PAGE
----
North London-based gold traders, YourGoldParty Ltd ( is seeing a substantial increase in the number of charities taking advantage of this simple fundraising concept.

Gold Parties work in a similar way to Tupperware or Ann Summers parties, with one significant difference.  The guests at the parties go away with money in their pockets rather than being asked to spend it.  When organised as a charity fundraiser, the benefiting good cause is paid 10% commission on the total amount of all the gold bought at the event.  In addition, a referral commission is also paid if additional parties are booked as a result.

Many enterprising fundraisers are taking the opportunity to host gold parties as part of ‘double-fundraisers’.  These events include ‘pamper days’ and clothes and accessory sales.  The guests sell their gold for cash and go on to spend some of their gains on beauty treatments or new clothes.

As well as organising gold parties, charities are cashing in on the high gold prices by organising ‘Pot of Gold’ appeals.  Most people have broken earrings, cufflinks or chains lying about, which they don’t know what to do with.  While it isn’t worth the time and effort for an individual to sell an odd earring, by organising collections, charities can reap the benefits of the high gold prices.

Using gold as a fundraiser is becoming popular with local fundraising committees, and individuals who are undertaking charity treks.  Oxfordshire’s Deb Hunt (, one of a team of four women trekking up Kilimanjaro in September 2010 for Breakthrough Breast Cancer comments, “The gold party was a fantastic fundraiser for our appeal.  It was absolutely minimal effort with a high gain, and that’s without the ongoing referral commission.”

YourGoldParty MD Howard Levy says, “The charity sector is embracing the idea of gold parties and gold appeals.  With the high price of gold, there is a lot of money to be made.  It’s another form of recycling … a bit like raising money from toner cartridges or the old milk bottle tops … except it is considerably more lucrative.  We’re expecting a huge demand before and after the Christmas period.  It’s a time when people want more cash in their pockets, especially in a recession, and charities are making the most of it.”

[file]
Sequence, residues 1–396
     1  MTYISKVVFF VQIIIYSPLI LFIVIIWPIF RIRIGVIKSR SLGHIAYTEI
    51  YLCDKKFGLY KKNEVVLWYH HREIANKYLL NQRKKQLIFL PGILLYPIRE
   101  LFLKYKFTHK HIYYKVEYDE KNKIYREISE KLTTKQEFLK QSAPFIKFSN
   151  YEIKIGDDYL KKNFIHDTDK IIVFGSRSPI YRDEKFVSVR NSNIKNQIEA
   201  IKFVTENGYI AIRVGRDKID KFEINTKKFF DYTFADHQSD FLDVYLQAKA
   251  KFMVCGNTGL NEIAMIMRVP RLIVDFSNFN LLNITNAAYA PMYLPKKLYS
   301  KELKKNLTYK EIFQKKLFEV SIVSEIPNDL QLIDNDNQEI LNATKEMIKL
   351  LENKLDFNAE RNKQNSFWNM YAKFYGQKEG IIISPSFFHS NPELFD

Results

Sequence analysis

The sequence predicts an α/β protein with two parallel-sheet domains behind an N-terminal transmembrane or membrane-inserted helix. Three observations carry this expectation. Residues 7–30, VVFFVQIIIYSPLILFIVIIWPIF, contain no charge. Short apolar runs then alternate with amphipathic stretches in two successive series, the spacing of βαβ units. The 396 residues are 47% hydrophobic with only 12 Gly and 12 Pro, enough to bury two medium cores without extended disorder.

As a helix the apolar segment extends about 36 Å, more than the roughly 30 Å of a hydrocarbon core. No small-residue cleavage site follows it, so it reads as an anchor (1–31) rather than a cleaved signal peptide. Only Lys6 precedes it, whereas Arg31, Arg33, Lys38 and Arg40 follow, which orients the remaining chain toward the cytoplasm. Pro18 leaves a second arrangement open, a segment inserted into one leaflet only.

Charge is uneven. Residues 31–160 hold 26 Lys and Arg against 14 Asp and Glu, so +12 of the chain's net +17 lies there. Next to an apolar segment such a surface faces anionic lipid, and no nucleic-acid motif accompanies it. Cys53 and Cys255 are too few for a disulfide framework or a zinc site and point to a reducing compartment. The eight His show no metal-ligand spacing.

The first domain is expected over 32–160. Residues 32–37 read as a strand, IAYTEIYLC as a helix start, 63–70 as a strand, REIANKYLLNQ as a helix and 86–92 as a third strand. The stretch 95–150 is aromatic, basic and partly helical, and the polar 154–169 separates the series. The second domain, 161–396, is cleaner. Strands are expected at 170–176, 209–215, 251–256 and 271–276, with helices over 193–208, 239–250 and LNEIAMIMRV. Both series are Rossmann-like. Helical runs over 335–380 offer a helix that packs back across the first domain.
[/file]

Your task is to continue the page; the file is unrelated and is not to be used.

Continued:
Charity fundraisers who would like to know more about organising gold parties or Pot of Gold appeals can contact Howard Levy on 0800 112 3185 or by email at

– ends –

Notes to Editors

Based in North London, YourGoldParty is an gold trader with more than 20 years’ experience. The company helps set up gold parties across England for both private individuals and charities.

The company buys gold at parties and can arrange private buying appointments for charities operating gold appeals.

For more information, please contact:

Howard Levy
Managing Director of YourGoldParty
Tel: 07973 348547

I read an interesting blog this morning entitled ‘Customer service key to Christmas’.  It was music to my ears!  Is good service more important than discounted prices?  Yes – every time.  Of course we all like to get a bargain, but if a lower price means the level of service is compromised, it’s not a good deal.  In my opinion, communication is the key to great customer service.  What’s more, it doesn’t cost a lot in terms of time or money, but the rewards are huge.